Personal profile

Research interests

I am a space plasma physics specialist with a keen interest in space weather. In short, this means I am interested in many aspects of Earth's space plasma environment: the magnetosphere, the Radiation Belts, substorms and more! Right now, I use my knowledge of kinetic space plasma physics, numerical modelling, and stochastic processes to consider the physics of Earth's outer radiation belt. This is a golden age of space plasma physics observations and I am excited to use the enormous NASA Van Allen Probes data sets to discover more about space weather for satellites.

I lead a small team who use numerical modelling, machine learning, and more traditional data analysis techniques to probe the mysteries of the high-energy environment in Earth's outer radiation belt. Please see Publications Page for latest publications.


Prof Clare Watt is a space plasma physicist who specializes in space weather at Earth. She leads projects to study the physics of Earth’s radiation belts through numerical simulation, analysis of spacecraft observations and theory.

She graduated with a PhD in space plasma physics from St Catharine’s College, Cambridge in 2002, during which time she created a new plasma simulation model at the British Antarctic Survey. Her work then took her to University of Alberta in Canada, where she created numerical models of acceleration of auroral electrons in polar regions. Clare’s focus is kinetic plasma physics as applied to space plasma environments. Largely this takes the form of wave-particle interactions, where charged particles in the collisionless environment of space interact with electromagnetic waves. This can result in energisation or scattering, and can be used to explain auroral processes, energisation of Earth’s radiation belts and even potentially the trigger for the explosive energy release in a magnetospheric substorm.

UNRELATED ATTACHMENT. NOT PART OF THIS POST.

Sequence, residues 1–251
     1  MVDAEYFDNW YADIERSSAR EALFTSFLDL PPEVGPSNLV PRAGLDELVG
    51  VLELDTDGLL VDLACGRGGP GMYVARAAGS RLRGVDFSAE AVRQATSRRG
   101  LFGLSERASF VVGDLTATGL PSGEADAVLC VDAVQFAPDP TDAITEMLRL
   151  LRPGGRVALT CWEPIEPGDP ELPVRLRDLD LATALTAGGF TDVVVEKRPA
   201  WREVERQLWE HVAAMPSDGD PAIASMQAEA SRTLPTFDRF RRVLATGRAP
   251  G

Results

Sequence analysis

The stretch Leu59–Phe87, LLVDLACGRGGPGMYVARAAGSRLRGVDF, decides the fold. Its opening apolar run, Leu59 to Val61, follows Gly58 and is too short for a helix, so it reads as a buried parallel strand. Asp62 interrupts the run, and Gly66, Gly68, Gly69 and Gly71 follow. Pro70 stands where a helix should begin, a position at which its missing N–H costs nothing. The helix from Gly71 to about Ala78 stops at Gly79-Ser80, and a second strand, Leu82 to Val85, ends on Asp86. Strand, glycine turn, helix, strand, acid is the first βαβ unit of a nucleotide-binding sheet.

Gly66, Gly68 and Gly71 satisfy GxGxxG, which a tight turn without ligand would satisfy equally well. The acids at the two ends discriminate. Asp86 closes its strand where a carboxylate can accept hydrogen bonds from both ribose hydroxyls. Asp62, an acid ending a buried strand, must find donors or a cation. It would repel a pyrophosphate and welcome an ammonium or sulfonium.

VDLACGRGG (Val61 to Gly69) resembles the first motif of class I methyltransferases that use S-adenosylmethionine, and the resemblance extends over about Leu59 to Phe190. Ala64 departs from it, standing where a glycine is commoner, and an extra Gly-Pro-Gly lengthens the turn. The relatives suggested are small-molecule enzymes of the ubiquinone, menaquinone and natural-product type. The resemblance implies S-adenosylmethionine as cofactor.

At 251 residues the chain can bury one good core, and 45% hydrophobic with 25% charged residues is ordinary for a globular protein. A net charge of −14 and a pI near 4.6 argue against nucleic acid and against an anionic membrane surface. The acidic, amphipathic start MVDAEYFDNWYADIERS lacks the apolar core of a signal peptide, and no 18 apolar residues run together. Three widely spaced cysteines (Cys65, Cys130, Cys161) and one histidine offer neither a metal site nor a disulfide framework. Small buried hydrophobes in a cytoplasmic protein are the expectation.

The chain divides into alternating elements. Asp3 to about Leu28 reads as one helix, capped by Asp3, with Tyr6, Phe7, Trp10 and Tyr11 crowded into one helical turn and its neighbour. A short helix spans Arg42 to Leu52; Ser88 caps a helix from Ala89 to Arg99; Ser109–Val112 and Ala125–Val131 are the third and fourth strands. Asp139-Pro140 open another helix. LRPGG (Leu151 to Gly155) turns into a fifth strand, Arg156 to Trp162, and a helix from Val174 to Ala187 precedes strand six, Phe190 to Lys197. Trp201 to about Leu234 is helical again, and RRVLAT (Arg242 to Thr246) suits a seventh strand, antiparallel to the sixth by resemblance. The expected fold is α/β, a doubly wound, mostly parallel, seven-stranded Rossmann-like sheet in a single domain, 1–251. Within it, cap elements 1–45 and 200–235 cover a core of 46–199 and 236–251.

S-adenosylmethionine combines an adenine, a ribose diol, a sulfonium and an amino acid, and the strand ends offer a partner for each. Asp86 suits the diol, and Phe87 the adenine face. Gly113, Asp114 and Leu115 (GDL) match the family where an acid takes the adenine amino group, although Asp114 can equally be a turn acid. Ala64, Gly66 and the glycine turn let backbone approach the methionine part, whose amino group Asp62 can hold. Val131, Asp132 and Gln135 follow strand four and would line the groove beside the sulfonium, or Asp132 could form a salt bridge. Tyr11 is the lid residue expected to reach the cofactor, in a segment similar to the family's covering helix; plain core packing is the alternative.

She has led large STFC Consolidated Grants (2015-2020) to study solar system physics, and is currently part of two large space weather consortia: Rad-Sat (2017-2021) which makes improvements to the modelling of acceleration, transport and loss of radiation belt electrons to protect satellites from space weather, and Sat-Risk (2020-2023) whose goal is to develop a real-time system to forecast radiation exposure to satellites for a range of different orbits, and quantify the risk of damage or degradation.

She currently serves on advisory groups for national and international space agencies, including the Human and Robotic Exploration Directorate of the European Space Agency, and the UK Space Agency. From 2017-2020 she was a Councillor and Trustee of the Royal Astronomical Society, and has served on the Science and Technology Facilities Council Astronomy Grants Panel.

Education/Academic qualification

Physics, PhD, Wave-particle interactions and anomalous resistivity in collisionless space plasmas, University of Cambridge

1 Oct 199823 Dec 2001

Award Date: 2 Jun 2002

Mathematical Physics, BSc (Hons), 1st Class Honours degree in Mathematics-Physics, University of Aberdeen

20 Sept 199410 Jun 1998

Award Date: 15 Jul 1998


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